Marcus Pinn - EMPIRE (1964)

I understand that Andy Warhol and Jonas Mekas are two of the most important figures in experimental film, but people tend to just blindly praise everything they do (especially Andy Warhol.) Empire is a prime example of that. This is one of those movies that some writer at the Village Voice deemed important years ago, and people have been too afraid to question that opinion ever since. Warhol's "documentary", which is just an 8 hour-long continuous shot of the empire state building, is considered by many to be one of the most important films ever made. In fact, it recently made Time Out's "50 Greatest Documentaries" list and was part of a retrospective at Anthology Film Archives curated by Mekas, the film's cinematographer, this past summer. Sorry, but I just don't see what the big deal is. I'm sure Empire has been screened in various arthouse theaters, galleries and basements all over the world, but at the end of the day this movie is synonymous with being shown in New York City. If you actually live in New York, why would you want to look at a grainy projection of the Empire State Building for 8 hours when, depending on where you're standing, you can literally just look up and see it in real life? Actually living in New York while watching Empire is like owning a real fireplace, but watching one of those DVDs of a fireplace on a television instead.


  Paul Cooney - THE CINCINNATI KID (1965)

Sometimes the hooker wants to spend a little extra time in the bathroom crying before she comes out and performs her 12 minutes of magic, sometimes your train is delayed when some genius decides that his suicide is more important than you making it home in time to see Chris Jericho on "Dancing With the Stars," and so you sit and idle while they shovel his remains off the third rail...

Well during those times maybe you catch a glimpse or two of a movie you would never lower yourself to sit and watch straight through.

The Cincinnati Kid is one such picture.

It seems to have a somewhat exalted reputation, or maybe it doesn't, what the fuck am I a film historian? I ain't. In fact I try to forget as much about movies as possible, especially all pornography made before the 21st century. Jesus Christ I don't know how the Brazilians took so long to catch on.  

I digress...The Cincinnati Kid. He's played by Steve McQueen so you know he's supposed to be some kind of badass, but before the first frame even comes up there is a problem. If he's from Cincy, how bad could his ass be? Cincifuckinnati? If he had an ounce of sense he would change his name and pretend to be from someplace that wasn't best known for its radio station WKRP and abysmal sports teams.

Also, once Stevie McQueen took out the blob and then motorcycled away from Nazis he seemed to get a bit of an ego, and spends much of the time onscreen in his movies sort of glowering like "I'm George Clooney, Errol Flynn and John Wayne rolled into one" which he fucking ain't, cause not even Jesus could be that cool.

I never saw the film start to finish and I'm a little hazy on the facts but the Cincy Kid is a bit of a card player, and that just don't make for the best viewing. Jumping a motorcycle over the Alps is cool, taking out an alien space glob takes balls, but sitting across a table from Edward G. Robinson and Karl Malden? That's fucking depressing. I don't want to watch that shit for two hours.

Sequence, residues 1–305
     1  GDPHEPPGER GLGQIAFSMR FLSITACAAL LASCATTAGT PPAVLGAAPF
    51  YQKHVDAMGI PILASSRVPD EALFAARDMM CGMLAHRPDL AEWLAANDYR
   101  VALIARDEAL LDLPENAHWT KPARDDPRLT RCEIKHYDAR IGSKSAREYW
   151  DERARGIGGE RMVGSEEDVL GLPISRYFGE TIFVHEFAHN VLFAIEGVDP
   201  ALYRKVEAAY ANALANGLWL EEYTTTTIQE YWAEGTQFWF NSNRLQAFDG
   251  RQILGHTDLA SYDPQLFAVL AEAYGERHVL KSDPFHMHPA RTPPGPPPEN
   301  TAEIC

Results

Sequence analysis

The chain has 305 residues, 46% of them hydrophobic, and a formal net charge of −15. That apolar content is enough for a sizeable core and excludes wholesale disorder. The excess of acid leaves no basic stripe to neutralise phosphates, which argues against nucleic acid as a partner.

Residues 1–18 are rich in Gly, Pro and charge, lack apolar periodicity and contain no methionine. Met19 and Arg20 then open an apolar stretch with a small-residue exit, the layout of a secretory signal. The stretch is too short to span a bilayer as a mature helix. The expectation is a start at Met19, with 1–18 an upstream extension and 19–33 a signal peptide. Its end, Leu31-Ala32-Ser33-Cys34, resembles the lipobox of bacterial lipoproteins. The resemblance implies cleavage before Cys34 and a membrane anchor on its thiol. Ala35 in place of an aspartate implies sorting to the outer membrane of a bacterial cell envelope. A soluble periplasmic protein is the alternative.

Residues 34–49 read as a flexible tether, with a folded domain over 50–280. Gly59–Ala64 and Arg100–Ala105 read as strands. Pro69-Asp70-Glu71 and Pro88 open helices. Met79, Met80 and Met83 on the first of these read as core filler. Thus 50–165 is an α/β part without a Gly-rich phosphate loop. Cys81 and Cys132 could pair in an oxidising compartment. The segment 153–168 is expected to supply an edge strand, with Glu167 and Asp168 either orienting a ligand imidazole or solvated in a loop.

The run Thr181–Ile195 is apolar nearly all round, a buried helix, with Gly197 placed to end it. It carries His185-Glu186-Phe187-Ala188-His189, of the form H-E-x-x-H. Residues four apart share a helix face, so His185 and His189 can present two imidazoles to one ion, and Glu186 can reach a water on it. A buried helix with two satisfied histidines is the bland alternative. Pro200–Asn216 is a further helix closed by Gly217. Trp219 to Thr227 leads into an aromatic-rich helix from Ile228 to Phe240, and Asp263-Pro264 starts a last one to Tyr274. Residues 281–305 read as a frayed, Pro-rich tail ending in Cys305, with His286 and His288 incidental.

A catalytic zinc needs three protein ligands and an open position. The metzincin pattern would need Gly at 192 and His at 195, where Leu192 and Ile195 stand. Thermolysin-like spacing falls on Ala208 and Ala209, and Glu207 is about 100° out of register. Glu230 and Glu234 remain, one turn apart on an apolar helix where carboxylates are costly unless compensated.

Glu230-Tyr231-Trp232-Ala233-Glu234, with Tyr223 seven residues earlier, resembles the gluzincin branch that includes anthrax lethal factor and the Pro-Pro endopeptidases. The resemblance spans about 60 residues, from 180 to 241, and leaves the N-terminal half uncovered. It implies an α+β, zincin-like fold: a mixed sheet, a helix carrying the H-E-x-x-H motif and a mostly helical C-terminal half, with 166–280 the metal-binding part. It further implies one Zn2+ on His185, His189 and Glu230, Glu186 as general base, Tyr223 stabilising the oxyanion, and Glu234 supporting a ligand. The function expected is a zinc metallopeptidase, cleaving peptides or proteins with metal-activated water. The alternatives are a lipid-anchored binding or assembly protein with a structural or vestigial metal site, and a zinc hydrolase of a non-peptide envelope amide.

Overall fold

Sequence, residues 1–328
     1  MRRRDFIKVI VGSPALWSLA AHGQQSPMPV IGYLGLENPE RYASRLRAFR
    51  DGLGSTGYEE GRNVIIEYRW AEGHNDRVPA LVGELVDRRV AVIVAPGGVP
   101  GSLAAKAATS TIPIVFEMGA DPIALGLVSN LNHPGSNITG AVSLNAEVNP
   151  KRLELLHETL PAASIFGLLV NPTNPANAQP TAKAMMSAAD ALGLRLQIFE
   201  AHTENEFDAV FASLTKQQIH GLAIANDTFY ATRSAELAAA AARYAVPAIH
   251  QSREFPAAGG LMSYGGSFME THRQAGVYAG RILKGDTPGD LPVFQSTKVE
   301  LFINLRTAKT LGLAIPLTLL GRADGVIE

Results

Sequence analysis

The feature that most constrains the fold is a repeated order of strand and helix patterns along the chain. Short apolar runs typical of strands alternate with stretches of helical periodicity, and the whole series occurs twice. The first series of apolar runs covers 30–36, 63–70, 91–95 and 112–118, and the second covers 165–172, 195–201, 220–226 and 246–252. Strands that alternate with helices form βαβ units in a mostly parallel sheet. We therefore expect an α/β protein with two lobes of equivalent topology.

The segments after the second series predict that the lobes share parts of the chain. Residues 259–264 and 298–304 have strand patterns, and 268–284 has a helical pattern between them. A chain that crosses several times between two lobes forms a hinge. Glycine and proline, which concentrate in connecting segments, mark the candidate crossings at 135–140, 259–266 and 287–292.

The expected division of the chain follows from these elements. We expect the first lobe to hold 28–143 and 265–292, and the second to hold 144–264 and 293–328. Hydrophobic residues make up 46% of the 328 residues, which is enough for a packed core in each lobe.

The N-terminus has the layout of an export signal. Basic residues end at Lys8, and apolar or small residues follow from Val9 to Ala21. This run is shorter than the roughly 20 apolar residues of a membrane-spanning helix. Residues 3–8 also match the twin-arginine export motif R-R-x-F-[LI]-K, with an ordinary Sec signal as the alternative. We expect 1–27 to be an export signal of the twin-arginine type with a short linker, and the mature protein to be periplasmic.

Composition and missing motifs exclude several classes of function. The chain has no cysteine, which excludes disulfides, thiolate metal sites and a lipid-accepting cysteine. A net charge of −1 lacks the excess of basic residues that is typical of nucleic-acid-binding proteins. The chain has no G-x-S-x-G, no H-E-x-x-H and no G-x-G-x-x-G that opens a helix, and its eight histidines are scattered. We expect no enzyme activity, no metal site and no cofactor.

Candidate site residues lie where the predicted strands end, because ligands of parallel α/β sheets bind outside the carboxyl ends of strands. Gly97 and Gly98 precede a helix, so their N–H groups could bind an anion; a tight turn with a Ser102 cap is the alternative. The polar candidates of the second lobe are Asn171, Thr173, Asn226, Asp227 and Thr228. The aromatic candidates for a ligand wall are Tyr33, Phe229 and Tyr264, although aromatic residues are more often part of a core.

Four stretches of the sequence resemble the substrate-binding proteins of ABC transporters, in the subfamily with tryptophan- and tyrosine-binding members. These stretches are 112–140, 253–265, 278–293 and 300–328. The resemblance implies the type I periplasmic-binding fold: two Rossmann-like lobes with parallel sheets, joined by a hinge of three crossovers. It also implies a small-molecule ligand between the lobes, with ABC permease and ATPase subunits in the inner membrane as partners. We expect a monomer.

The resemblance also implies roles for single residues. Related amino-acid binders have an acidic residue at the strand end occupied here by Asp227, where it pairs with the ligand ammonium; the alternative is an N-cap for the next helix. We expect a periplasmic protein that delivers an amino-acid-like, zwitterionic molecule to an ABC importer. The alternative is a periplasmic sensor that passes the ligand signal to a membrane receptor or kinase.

This flick contains not one but two scenes of secondary characters on the telephone having rather congenial chats, while nubile half naked broads slink about on the beds next to them. In the first, some southern gent is drawlin' into the receiever discussin' business all nice like, while a tawny nymphette glides her finger across his chest and seems to politely wait for him to finish so he can fuck her again like she deserves.

He hangs up after giving a friendly toodaloo and then says icily to the nubile broad, "Don't....touch....me." Each word delivered like a dagger between her pert breasts! Ouch! Why the coldness hombre? That's no way to treat a harlot!

A short while later Karl Malden is chattin' away like a teenage girl on the telephone while Ann Margret, Mrs. Elvis Fucking Presley herself, is stretching that curvy tenderly lovable body out on the bed and looking like she is so hot she's ready to take his nose if his wang ain't up to the task. She starts to massage him and he brushes her off like she's a skunk who just raised her tail. What the fuck? If this is how dudes from Cincinnati treat buxom Swedish broads I'm glad as fuck I'm not from there.

McQueen later chases off his blonde tart and sends her back to her hick hometown. Just what the fuck is going on with this pack of degenerates? They got dough and fine ladies but spend all their time being obsequious on the phone-y poo and brushing off their broads. Why not give up the gambling life and work at the post office or maybe a nice construction job fellas?

Some other shit happens, I wasn't really watching, but Edward G. is some king of gambling legend known as "The Man" and Steve is the hotshot kid everyone thinks is gonna take him down and be the new champ. Playing cards. How bout acquiring a real skill guys? At least billiards requires you to stand up you lazy louts!

The final match finally happens and wagers are coming in from New York and Chicago this is such a big fucking deal! The Southern gent tries to rig it by offering Malden 25K to put on the fix. This is high stake shit! And yet somehow it's not just McQueen and Robinson playing. They get 4 or 5 stiffs to sit in as well. Huh? Who the fuck are these idiots? Why would these clowns agree to get in a game between "The Man" and "The Kid?" The Southern dude is a rich badass who drinks fine bourbon and shoots dueling pistols in his parlor for fun. He even has a confederate general's portrait hanging in his entertaining room! Clearly this is a man not to be trifled with, yet he has the sense to realize he can't beat the Kid and The Man, so just wagers on it. Somehow they get George Costanza's cousin and a collection of dweebs and losers to sit at the table and get rolled before the final confrontation.

I called bullshit and stopped watching. It was like if Jason Statham and The Rock decided to have an ass kicking/pussy eating contest one weekend and four mortal guys decided..."I want in on that! I took judo four years ago and I just got a new haircut. I can probably kick as much ass as those two and get as many chicks."